Mining Project Threatens Montana Wilderness Area
Environmental groups mobilize opposition
Interview by Melinda Tuhus.

The Cabinet Mountains comprise 94,000 acres of designated wilderness in the far northwest corner of Montana. It is here that a mining company has proposed developing a copper and silver mine, and has received approval to do so from the U.S. Forest Service and the Montana Dept. of Environmental Quality.

This project pits the 1872 Mining Act against the 1964 Wilderness Act. The Mining Act allows extractive industries to take out natural resources while paying only a tiny fraction of their worth, often leaving environmental devastation in their wake. The Wilderness Act decrees that the lands so designated should be free of impact by humans. Several citizen lawsuits are planned or already underway to try to stop the mine from being established.

Between The Lines' Melinda Tuhus spoke with Roger Flynn, an attorney with the Western Mining Action Project, a nonprofit environmental law center based in Boulder, Colo. The group, founded in 1993, represents citizens' groups and native American tribes on western mining issues. Flynn describes the Cabinet Mountain wilderness area, the threat presented by the proposed mine, and the campaign being organized to stop it.

For more information, contact the Western Mining Action Project at (303) 473-9618 or email them at

This week's summary of under-reported news
Compiled by Bob Nixon and Denise Manzari

  • Political campaign contributions by Air Transport Association and airlines helped block tighter airport security measures for 11 years. ("Airline Insecurity," by Mother Jones, January/February 2002)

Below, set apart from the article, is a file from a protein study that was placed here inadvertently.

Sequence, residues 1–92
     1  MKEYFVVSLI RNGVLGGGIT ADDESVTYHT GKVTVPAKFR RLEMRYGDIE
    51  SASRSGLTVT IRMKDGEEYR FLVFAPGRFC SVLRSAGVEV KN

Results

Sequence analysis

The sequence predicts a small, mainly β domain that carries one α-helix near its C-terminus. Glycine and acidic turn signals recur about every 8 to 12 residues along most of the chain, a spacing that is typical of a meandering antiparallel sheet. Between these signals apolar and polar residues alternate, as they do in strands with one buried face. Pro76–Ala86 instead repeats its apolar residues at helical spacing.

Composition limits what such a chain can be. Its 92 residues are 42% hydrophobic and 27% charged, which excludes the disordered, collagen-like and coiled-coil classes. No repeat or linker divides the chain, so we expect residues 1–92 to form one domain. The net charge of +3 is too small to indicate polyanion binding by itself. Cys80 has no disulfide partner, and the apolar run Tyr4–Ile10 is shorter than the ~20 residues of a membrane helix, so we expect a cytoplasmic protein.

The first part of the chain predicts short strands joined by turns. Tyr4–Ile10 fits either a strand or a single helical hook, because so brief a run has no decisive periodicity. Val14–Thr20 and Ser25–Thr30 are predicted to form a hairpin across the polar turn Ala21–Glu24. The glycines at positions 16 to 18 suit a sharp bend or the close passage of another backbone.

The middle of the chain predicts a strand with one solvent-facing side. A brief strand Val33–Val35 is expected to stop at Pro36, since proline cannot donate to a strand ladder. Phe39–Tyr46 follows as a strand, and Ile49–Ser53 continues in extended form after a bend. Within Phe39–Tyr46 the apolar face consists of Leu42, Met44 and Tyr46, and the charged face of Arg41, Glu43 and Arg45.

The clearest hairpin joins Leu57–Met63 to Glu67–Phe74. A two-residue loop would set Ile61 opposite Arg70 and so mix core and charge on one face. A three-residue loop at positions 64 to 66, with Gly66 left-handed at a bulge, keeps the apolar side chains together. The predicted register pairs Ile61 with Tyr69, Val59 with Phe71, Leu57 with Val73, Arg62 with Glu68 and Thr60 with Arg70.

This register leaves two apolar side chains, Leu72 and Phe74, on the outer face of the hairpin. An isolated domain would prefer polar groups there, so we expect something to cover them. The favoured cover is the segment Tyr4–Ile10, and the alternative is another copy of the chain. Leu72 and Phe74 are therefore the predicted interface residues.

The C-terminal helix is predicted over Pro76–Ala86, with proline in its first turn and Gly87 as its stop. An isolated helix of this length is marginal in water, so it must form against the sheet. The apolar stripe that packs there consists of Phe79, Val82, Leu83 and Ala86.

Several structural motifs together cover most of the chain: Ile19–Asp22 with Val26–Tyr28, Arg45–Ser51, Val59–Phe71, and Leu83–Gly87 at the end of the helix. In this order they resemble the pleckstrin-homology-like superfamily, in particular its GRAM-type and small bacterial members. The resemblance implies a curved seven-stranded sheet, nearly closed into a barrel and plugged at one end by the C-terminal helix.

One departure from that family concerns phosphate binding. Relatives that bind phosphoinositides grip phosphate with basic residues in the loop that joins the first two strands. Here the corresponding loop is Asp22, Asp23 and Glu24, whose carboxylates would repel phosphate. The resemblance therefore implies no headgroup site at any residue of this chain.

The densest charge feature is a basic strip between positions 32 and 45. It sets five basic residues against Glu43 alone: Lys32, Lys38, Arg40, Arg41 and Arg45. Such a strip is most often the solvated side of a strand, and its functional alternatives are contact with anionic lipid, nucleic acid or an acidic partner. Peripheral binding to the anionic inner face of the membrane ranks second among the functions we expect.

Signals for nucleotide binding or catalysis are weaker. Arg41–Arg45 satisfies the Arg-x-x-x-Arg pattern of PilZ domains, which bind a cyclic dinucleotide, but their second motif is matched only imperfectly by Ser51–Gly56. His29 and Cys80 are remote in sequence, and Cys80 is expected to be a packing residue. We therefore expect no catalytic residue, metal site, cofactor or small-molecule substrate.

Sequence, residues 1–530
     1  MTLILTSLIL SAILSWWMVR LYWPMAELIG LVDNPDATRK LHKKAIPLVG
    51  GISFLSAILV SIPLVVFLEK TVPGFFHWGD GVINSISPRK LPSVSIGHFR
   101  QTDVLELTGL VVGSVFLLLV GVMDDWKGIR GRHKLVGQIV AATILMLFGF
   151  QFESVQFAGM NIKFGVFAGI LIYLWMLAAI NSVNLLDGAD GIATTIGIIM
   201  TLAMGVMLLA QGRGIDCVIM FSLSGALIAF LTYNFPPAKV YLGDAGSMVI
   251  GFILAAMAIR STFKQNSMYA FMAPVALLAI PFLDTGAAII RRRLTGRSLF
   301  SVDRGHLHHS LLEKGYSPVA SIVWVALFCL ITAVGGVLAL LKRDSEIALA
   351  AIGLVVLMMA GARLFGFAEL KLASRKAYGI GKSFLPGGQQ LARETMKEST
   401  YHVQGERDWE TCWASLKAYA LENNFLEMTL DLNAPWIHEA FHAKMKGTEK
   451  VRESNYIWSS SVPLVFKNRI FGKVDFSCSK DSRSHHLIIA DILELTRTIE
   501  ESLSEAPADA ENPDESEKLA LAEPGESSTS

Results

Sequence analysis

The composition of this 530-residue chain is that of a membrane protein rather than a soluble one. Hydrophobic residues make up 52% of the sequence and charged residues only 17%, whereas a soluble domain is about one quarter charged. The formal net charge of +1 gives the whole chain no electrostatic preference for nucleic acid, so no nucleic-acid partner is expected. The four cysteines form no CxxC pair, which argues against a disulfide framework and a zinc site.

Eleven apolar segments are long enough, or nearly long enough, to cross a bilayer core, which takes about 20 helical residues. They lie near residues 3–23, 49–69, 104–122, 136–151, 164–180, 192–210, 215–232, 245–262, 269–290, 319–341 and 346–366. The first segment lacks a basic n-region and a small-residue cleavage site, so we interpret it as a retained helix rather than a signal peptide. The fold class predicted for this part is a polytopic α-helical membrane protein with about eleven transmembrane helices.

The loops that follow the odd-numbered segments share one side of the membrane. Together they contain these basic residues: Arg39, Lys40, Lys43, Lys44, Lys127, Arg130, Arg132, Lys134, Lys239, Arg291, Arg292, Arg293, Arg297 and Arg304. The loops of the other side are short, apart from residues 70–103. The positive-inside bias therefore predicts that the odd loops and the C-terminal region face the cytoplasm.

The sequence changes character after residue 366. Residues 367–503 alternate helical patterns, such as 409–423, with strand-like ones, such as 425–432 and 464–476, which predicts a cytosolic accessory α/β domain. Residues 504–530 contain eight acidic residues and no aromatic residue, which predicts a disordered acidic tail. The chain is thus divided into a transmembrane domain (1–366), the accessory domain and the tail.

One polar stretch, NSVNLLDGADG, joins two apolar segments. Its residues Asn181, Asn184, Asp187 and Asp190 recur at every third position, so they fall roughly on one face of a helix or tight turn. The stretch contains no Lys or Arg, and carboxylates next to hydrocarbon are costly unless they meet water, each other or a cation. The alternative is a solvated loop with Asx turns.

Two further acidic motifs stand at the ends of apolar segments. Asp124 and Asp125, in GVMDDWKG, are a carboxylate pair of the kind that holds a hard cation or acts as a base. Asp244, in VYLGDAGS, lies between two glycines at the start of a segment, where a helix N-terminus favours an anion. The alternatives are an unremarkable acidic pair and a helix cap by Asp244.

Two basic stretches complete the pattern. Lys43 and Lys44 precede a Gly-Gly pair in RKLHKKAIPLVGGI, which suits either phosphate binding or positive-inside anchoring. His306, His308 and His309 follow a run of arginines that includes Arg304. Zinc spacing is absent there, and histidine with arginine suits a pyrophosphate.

• Great Britain taking "soft path" in dealing with drug addiction, while U.S. is increasingly isolated in three decade War on Drugs. ("Drug War Retreat," by Adam J. Smith, In These Times, Jan. 7, 2002)
  • Allegations of poor training and over-reaction by police in shooting death of emotionally disturbed man leads to lawsuit filed against Brattleboro, Vt. ("Woodward Family Sues Town," by Susan Smallheer, Rutland Herald, Jan. 21, 2002)

Senior news editor/writer: Bob Nixon
Newswriter: Denise Manzari
Program narration: Denise Manzari
Segment Producer: Melinda Tuhus
News reader: Elaine Osowski
Distribution: Anna Manzo, Harry Minot, Jeff Yates
Web editor/producer: Anna Manzo
Executive producer: Scott Harris

... MORE ...

World Economic Forum Protests, Jan. 31-Feb. 4, 2002, World Economic Forum Conference and National Student Mobilization, Jan. 31 to Feb. 3, Columbia University, New York City. See conference schedule.

Public Citizen's Global Trade Watch

Another World is Possible Coalition

Anti-Capitalist Convergence

New York Independent Media Center

Globalize This!

"Energy Standoff in Central Asia

"Bush Fuels Oil Conspiracy Theory," by Ted Rall,, Jan. 10, 2002

"Pipeline Politics: Oil, The Taliban and the Political Balance of Central Asia," World Press Review Special Report

"The New Great Game: Oil Politics in Central Asia" by Ted Rall,, October 11, 2001,

Economic Globalization Resources

ZNet's Global Economic Crisis resource site Excellent source for understanding global economics and trade issues and particularly in preparation for ongoing demonstrations about economic justice

"The Fight for Everything" A series of interviews with activists and leaders of grassroots, progressive groups analyzing the goals, strategy and tactics of the global social justice movement

Multi-Ethnic Public Issues Advocacy

Dr. Earl Ofari Hutchinson's Commentaries, The Hutchinson Report

Between The Lines' 10th Anniversary CD